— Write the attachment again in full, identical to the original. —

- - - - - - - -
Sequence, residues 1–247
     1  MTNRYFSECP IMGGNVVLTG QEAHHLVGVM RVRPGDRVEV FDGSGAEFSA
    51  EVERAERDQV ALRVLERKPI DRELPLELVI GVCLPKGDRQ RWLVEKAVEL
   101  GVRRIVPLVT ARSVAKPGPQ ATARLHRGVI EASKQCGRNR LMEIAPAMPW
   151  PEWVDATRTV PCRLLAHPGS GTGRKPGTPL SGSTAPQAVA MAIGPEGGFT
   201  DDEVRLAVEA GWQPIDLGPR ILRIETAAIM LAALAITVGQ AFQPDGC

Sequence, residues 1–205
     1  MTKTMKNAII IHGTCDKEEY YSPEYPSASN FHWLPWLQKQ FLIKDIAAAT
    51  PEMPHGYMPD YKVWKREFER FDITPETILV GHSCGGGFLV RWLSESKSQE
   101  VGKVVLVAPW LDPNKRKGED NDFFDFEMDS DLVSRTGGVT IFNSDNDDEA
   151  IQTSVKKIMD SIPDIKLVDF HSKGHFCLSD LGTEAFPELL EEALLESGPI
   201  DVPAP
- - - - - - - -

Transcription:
Sequence, residues 1–247
     1  MTNRYFSECP IMGGNVVLTG QEAHHLVGVM RVRPGDRVEV FDGSGAEFSA
    51  EVERAERDQV ALRVLERKPI DRELPLELVI GVCLPKGDRQ RWLVEKAVEL
   101  GVRRIVPLVT ARSVAKPGPQ ATARLHRGVI EASKQCGRNR LMEIAPAMPW
   151  PEWVDATRTV PCRLLAHPGS GTGRKPGTPL SGSTAPQAVA MAIGPEGGFT
   201  DDEVRLAVEA GWQPIDLGPR ILRIETAAIM LAALAITVGQ AFQPDGC

Sequence, residues 1–205
     1  MTKTMKNAII IHGTCDKEEY YSPEYPSASN FHWLPWLQKQ FLIKDIAAAT
    51  PEMPHGYMPD YKVWKREFER FDITPETILV GHSCGGGFLV RWLSESKSQE
   101  VGKVVLVAPW LDPNKRKGED NDFFDFEMDS DLVSRTGGVT IFNSDNDDEA
   151  IQTSVKKIMD SIPDIKLVDF HSKGHFCLSD LGTEAFPELL EEALLESGPI
   201  DVPAP